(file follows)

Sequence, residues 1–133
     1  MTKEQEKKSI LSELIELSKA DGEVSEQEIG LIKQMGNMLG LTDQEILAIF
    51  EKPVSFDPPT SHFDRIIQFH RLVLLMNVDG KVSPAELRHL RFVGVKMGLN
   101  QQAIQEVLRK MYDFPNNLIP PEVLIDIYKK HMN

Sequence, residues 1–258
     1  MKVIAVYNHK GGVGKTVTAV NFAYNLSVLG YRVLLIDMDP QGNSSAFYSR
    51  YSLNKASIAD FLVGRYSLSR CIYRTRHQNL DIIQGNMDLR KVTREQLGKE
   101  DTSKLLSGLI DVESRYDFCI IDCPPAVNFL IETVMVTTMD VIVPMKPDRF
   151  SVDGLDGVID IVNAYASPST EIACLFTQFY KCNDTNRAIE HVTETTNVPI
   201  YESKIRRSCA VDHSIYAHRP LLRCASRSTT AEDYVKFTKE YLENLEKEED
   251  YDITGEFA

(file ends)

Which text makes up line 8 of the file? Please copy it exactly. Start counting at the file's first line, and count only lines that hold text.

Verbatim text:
   101  DTSKLLSGLI DVESRYDFCI IDCPPAVNFL IETVMVTTMD VIVPMKPDRF